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For school children, there have been a number of unfortunate consequences as a result of the COVID-19 pandemic. One of these, of course, has been the documented loss in school learning that has occurred over the past two years. Another has been the worrisome increase in online cyberbullying. Forced into quarantine, social isolation and online learning via Zoom, young children are now becoming the unfortunate victims of cyberbullying at an alarming rate, according to a new study from researchers at Florida Atlantic University and the University of Wisconsin-Eau Claire.
The rise of cyberbullying as a result of COVID-19
The study, published in the Journal of School Health, tracked cyberbullying incidents nationwide in children aged 13 to 17 over a multi-year period. In the years leading up to the pandemic, approximately 17% of children reported a cyberbullying incident. In 2021, though, that percentage had jumped to 23%. That means that, on average, nearly one in four kids are now being cyberbullied, and the trend appears to be just getting worse.
Of perhaps more concern, cyberbullying can now be linked to the politicization of the COVID-19 crisis. In other words, kids are suffering for the sins of their parents. Amidst all the rancor and debate over mask mandates, quarantines, lockdowns and “super-spreaders,” kids are learning how to bully other kids online in new ways. The new social norms of the pandemic are providing fertile ground for new cyberbullying threats to emerge.
This threat is most noticeable amongst Asian-American kids. According to the researchers, young Asian-American children comprised the one demographic that appears to be receiving a disproportionate share of the cyberbullying. The researchers hypothesized that this might be due to the “Wuhan lab leak” theory that some people believe (but others do not). And it would certainly be consistent with the claims of the “Stop Asian Hate” movement, which believes that Asian-Americans have been unfairly stigmatized for China’s perceived role in the start of the pandemic.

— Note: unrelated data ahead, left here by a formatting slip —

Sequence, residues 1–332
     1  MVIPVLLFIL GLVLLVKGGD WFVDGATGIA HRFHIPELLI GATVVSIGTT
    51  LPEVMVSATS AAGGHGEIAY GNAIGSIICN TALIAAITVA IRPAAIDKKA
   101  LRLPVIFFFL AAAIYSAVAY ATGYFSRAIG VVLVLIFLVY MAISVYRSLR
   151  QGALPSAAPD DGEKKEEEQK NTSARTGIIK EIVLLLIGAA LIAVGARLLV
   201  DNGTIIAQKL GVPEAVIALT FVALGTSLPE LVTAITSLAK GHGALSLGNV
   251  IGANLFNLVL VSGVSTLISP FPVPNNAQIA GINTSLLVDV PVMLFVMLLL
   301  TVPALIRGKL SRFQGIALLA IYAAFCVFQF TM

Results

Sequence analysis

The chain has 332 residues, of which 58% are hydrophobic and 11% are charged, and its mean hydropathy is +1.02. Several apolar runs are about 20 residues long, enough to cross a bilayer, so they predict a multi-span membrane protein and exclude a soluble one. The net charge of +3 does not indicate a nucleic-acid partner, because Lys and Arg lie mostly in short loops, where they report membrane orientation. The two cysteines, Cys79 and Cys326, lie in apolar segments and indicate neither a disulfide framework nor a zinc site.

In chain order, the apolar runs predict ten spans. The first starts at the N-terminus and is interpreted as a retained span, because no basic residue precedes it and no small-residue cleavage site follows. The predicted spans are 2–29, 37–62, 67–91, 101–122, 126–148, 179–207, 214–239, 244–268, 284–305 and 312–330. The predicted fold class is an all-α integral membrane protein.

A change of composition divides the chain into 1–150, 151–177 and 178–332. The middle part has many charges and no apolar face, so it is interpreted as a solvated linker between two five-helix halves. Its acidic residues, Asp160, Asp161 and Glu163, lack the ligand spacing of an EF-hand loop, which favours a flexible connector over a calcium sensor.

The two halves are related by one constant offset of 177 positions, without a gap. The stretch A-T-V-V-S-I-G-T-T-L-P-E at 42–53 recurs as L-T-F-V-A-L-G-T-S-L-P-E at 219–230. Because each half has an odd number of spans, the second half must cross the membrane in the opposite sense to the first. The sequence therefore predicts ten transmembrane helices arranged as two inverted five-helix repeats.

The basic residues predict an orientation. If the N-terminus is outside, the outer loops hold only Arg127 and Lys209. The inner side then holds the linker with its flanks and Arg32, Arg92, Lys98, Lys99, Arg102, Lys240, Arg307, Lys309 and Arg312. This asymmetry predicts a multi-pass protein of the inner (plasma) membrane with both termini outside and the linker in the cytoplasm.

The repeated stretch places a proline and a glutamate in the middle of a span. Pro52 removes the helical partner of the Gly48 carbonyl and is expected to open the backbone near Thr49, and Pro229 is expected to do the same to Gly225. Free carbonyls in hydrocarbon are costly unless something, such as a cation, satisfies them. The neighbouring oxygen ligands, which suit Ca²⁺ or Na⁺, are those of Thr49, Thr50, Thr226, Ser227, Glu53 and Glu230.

How to stop future cyberbullying
While the researchers behind this study did not specifically point out how to stop this rise in cyberbullying, there are a few well-known steps that parents and kids can take to stop future harassment or abuse. One of these, quite simply, is a better understanding of how kids are using social media. In the pre-pandemic era – the time when kids were physically going to school each day and approaching within six feet of each other – it was a lot easier for parents to understand what their kids might be talking about online. They were dropping off and picking up their kids from school each day, and knew who was hanging out with whom, and what kids were talking about when they got out of school each day.
Now, in an era of Zoom calls and social distancing, parents might not have any idea of what’s going on. When your daughter tells you she has been talking with a classmate online, parents might not have any idea if this friend is some sort of Queen Bee who might be a future cyberbully. If your son tells you that he has been hanging out with a classmate, parents might not know if this classmate is the kid who’s causing trouble all day with the teacher.
So, if you really care about the mental and psychological health of your child, take time to recognize signs of cyberbullying (such as unexplained sadness), and to understand what’s happening online. Know where your kids are hanging out online, and if need be, set very firm guidelines about which sites they can visit, and for how long. COVID-19 has changed a lot in society, and the people who are most vulnerable now are our kids. We need to take steps to protect them.